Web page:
Peeking into someone’s teaching closet is a little like walking down a hotel hallway with doors open; you can’t help yourself but look inside! At least I can’t! I’m always curious to see how people manage their STEM Challenge materials, especially! Like so many others, I binge-watched Marie Kondo’s Tidying Up series on Netflix. It was the thing I needed to force me to take a serious look at my STEM Challenge materials closet. Let me tell you, the situation was dire. Maybe you can relate. I recorded a video to show you how I’ve organized things so far:
Some things I learned…
Thing 1: Letting Go is Hard to Do
I probably should have gone in the order Marie Kondo recommended to hone my ability to tell what sparks joy so I could get rid of things more easily. Do I really need that 3-inch piece of leftover pipe cleaner? Probably not, but I’ve convinced myself these things will be perfectly good for something, someday … So, yeah, I didn’t actually get rid of much. I probably don’t really need everything I kept.
Thing 2: It’s OK to Keep Stuff
However … Kondo told someone in one episode that tidying up wasn’t strictly about getting rid of things. It’s about keeping the things that spark joy or serve you in a future context, but also making sure each of those things have a dedicated place. This was ultimately what helped me break past my resistance of tidying up my STEM materials closet. I need to know it’s OK to keep things for a rainy day, and of course, those things should have a home. Now, when it does rain, I’ll be able to quickly find what I’m looking for — score!
Thing 3: Everything Has Its Place
About everything having a place … how many times have you been certain you have cardboard tubes, but you can’t remember where you’ve been collecting them? It happens to me constantly because I tuck things away in weird spots or in shoeboxes in deep storage without labels. I thought a lot of my shoeboxes were empties that turned out to have materials inside. That has been rectified, and it’s a big difference! It’s fine to use shoeboxes, I think, but so helpful to finally have labels. Why did that take me so long to do, I don’t know! It took all of two minutes.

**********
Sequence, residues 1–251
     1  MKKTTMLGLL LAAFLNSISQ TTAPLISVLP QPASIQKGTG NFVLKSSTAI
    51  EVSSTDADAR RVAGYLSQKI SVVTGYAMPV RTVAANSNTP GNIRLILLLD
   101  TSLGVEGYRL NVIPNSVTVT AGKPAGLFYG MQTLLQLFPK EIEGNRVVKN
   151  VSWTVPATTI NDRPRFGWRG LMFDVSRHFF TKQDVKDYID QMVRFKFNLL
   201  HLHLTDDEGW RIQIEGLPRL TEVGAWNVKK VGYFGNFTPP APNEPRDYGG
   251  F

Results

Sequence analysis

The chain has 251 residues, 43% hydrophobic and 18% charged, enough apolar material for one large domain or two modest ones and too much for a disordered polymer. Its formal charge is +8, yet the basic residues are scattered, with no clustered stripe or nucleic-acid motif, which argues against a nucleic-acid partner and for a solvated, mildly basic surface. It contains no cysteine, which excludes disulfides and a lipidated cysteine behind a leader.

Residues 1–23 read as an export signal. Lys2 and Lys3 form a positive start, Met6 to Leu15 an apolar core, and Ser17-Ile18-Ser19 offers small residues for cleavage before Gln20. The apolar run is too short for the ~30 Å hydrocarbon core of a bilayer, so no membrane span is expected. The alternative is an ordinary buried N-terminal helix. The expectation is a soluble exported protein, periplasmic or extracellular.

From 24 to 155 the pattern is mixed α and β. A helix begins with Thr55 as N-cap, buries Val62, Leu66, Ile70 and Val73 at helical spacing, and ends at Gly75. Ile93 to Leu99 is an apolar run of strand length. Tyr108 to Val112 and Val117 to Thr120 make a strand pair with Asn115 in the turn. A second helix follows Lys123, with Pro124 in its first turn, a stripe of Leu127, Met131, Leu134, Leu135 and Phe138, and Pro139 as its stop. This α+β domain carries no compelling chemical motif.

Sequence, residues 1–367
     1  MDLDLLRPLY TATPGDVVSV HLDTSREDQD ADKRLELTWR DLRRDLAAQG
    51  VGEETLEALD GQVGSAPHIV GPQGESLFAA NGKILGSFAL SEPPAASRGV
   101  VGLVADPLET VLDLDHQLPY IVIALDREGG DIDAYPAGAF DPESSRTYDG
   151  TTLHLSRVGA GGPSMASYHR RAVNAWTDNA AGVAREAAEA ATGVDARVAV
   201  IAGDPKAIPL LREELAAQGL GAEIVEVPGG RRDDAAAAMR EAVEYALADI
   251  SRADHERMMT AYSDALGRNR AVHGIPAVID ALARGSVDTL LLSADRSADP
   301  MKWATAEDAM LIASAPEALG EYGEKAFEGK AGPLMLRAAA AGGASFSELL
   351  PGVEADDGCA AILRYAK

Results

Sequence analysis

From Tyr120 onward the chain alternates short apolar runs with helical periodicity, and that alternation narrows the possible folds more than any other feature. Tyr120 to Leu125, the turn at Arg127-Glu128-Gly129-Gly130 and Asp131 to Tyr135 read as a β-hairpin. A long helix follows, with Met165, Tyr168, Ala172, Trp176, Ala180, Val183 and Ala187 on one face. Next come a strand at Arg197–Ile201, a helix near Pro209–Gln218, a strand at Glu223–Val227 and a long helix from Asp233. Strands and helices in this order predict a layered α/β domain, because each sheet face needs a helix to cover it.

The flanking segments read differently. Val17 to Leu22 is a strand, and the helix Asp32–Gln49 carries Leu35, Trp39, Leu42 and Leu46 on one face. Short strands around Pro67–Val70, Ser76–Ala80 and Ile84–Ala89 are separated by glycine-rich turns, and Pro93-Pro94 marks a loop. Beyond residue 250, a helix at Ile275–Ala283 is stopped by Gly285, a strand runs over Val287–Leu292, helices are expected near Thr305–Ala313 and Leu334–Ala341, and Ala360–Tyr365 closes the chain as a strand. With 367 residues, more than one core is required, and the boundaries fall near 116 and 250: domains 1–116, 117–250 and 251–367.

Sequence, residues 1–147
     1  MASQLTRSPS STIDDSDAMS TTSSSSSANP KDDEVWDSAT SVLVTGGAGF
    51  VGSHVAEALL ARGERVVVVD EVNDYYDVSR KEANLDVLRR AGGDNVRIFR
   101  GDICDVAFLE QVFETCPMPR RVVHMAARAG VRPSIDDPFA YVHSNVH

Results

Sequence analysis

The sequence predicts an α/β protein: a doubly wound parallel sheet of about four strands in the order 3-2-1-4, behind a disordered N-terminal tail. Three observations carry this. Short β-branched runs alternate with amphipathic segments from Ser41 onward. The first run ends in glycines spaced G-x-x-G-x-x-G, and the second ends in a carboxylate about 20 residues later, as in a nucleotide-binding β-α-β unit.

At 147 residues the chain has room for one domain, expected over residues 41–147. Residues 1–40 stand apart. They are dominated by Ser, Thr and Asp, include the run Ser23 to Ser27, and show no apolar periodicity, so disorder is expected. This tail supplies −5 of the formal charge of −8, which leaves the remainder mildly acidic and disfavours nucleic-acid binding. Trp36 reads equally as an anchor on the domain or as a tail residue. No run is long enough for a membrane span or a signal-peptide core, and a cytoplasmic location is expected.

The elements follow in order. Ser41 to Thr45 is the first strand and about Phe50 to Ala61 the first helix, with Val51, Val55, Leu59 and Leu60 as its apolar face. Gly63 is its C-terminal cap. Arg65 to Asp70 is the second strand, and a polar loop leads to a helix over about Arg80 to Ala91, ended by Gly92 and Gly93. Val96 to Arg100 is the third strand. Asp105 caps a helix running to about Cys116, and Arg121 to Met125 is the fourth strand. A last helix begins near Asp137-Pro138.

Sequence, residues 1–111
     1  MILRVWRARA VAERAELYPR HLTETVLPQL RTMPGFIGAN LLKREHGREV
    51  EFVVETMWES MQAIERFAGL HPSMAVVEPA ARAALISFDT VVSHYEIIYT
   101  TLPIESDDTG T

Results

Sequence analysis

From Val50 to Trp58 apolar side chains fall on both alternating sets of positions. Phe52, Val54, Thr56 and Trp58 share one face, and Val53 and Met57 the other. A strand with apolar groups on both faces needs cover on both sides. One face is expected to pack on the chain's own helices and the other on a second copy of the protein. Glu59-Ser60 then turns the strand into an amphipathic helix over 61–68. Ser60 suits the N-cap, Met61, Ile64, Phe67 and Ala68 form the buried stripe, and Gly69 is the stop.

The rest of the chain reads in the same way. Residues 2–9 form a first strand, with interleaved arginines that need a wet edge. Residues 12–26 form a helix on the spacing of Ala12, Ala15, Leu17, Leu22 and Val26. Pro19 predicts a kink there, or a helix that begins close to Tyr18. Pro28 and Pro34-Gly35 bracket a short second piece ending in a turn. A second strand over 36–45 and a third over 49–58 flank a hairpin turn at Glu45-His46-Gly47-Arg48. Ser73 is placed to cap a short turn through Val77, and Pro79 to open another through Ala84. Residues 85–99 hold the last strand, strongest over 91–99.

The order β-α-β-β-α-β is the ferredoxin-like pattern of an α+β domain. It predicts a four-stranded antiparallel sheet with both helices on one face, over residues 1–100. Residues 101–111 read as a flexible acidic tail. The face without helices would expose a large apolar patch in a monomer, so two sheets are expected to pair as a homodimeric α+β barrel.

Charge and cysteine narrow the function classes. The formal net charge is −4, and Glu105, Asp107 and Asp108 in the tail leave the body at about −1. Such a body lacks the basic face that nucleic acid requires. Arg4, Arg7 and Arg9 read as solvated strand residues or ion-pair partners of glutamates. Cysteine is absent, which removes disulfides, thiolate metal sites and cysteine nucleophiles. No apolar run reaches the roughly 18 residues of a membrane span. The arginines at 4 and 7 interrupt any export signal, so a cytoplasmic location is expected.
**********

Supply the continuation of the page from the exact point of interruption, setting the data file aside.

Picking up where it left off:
Thing 4: Treat Yourself
Storage containers are worth the money. I’m a frugal gal. I pride myself on making do and not wasting money. But, you know what, buying these two metal carts from Ikea (~$40 each) was worth it! Could I have gotten away with something cheaper? Yes, I’m certain. Does it make me smile to see these pretty purple babies when I open my closet? YES!!! And does it spark joy to see things in their own well-organized space? Absolutely! A sense of calm washes over me when I know exactly where to find what I have. Getting a mixture of storage containers is helpful. The deep drawers of the plastic rolling carts (Amazon links below) are great for some things, but a total disaster for others. Having the shallow drawers of the purple carts and the shallow wide plastic containers from Costco makes seeing what I have and accessing it easy and enjoyable!
They say time is money. Considering how much time I’m going to save not running around frantically searching for materials anymore is an indicator good storage is worth the investment!
Thing 5: Being Organized Feels Good
In the past, I have always found comfort in the Einstein quote, “If a cluttered desk is a sign of a cluttered mind, of what then, is an empty desk a sign?”
My mess was an indicator that things were happening! I’ll be honest, I still believe that to an extent. I believe there is a case to be made for chaos, but I also believe order and organization can be enjoyable and beneficial. It’s just not efficient to spend so much time searching for items.
Some storage container suggestions:
Some of the links below are affiliate links. These are items I am actually using and loving.
From Amazon (but check Target before buying; prices might be better there!)
Rolling Utility Carts (I have three of these in my office and love them. I don’t use them for materials storage, which is why you didn’t see them in this video, but I think others may find them useful for storage/distribution of materials.)